(This article belongs to the Special Issue Light and Plant Nutrition)
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Review

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17 pages, 1070 KiB  
Review
The Role of Blue and Red Light in the Orchestration of Secondary Metabolites, Nutrient Transport and Plant Quality
Plants 2023, 12(10), 2026; https://doi.org/10.3390/plants12102026 - 18 May 2023
Cited by 7 | Viewed by 2015
Abstract
Light is a fundamental environmental parameter for plant growth and development because it provides an energy source for carbon fixation during photosynthesis and regulates many other physiological processes through its signaling. In indoor horticultural cultivation systems, sole-source light-emitting diodes (LEDs) have shown great [...] Read more.
Light is a fundamental environmental parameter for plant growth and development because it provides an energy source for carbon fixation during photosynthesis and regulates many other physiological processes through its signaling. In indoor horticultural cultivation systems, sole-source light-emitting diodes (LEDs) have shown great potential for optimizing growth and producing high-quality products. Light is also a regulator of flowering, acting on phytochromes and inducing or inhibiting photoperiodic plants. Plants respond to light quality through several light receptors that can absorb light at different wavelengths. This review summarizes recent progress in our understanding of the role of blue and red light in the modulation of important plant quality traits, nutrient absorption and assimilation, as well as secondary metabolites, and includes the dynamic signaling networks that are orchestrated by blue and red wavelengths with a focus on transcriptional and metabolic reprogramming, plant productivity, and the nutritional quality of products. Moreover, it highlights future lines of research that should increase our knowledge to develop tailored light recipes to shape the plant characteristics and the nutritional and nutraceutical value of horticultural products. Full article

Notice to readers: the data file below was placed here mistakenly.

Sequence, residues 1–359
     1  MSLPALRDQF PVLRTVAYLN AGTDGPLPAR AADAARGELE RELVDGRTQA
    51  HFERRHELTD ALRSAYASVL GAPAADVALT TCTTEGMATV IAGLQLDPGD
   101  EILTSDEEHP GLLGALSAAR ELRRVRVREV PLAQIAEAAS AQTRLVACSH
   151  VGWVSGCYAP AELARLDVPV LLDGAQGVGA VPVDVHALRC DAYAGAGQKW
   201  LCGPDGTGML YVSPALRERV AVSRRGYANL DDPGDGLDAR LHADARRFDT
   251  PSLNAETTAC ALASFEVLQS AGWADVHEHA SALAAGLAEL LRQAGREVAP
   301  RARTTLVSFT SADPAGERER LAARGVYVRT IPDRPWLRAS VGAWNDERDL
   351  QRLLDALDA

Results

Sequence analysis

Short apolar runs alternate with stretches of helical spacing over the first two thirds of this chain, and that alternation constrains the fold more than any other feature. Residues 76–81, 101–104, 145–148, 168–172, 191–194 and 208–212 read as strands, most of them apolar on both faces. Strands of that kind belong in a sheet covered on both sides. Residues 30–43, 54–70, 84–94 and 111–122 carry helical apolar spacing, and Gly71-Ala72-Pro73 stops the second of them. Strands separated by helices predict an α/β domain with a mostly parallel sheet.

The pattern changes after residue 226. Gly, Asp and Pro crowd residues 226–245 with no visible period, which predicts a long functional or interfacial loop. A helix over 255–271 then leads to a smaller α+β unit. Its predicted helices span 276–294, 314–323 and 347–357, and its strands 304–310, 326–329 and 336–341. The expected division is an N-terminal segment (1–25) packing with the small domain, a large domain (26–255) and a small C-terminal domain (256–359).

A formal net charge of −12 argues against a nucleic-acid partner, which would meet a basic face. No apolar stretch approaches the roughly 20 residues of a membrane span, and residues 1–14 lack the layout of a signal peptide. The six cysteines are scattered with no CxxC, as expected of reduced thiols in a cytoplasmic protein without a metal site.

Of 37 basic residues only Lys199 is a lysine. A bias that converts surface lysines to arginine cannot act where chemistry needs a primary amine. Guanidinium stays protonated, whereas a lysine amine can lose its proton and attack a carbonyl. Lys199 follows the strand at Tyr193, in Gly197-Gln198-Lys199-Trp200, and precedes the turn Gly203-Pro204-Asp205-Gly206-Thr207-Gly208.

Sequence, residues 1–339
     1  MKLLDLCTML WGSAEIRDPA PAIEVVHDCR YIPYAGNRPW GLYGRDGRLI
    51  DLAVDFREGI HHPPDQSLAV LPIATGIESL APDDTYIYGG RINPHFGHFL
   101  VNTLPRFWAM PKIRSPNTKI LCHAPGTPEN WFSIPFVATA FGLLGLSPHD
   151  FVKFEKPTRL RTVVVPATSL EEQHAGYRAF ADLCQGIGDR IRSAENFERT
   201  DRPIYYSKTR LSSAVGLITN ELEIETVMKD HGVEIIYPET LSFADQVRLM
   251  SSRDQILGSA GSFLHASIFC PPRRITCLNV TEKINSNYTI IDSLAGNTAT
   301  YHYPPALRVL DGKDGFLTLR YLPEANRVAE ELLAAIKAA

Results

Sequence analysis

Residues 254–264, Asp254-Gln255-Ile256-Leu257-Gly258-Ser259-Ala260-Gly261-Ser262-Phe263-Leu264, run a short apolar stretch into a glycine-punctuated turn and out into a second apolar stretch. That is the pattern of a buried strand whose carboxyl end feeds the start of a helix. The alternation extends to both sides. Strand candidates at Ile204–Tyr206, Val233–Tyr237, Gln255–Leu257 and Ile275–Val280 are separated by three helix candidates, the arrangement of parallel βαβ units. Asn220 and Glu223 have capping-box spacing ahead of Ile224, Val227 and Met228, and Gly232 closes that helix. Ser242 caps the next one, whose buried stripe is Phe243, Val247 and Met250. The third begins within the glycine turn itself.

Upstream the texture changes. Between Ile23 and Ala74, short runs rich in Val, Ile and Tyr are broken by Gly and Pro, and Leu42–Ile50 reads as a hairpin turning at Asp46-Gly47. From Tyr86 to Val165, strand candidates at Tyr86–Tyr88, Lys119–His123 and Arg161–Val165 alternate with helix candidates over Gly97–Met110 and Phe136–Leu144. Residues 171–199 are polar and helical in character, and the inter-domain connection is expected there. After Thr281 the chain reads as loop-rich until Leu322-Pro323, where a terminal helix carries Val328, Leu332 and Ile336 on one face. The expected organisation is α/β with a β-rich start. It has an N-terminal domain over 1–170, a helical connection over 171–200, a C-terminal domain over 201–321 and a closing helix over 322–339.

(This article belongs to the Special Issue Light and Plant Nutrition)
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Planned Papers

The below list represents only planned manuscripts. Some of these manuscripts have not been received by the Editorial Office yet. Papers submitted to MDPI journals are subject to peer-review.

Title: Plant secondary metabolites, nutrients transport and assimilation and their modulation by blue and red light under indoor environment
Authors: Daniela Romano; Antonio Ferrante; Alice Trivellini; Stefania Toscano
Affiliation: Department of Agriculture, Food and Environment, Università degli Studi di Pisa, Pisa, Italy; Department of Agricultural and Environmental Sciences, University of Milan, Milano, Italy; Department of Agriculture, Food and Environment (Di3A) University of Catania, Italy
Abstract: Light is a fundamental environmental parameter with respect to plant growth and development since provides energy source for carbon fixation in photosynthesis and regulates through its signaling many other physiological processes. In indoor horticulture cultivation systems, the use of sole-source light-emitting diodes (LEDs) has shown great potential for optimizing growth and produce high-quality products. This review highlights the morphological traits, accumulation of important plant metabolites and dynamic nutrient transport / uptake signaling networks that are orchestrated by red and blue wavelengths with focus on transcriptional and metabolic reprogramming, plant productivity and plant nutritional quality.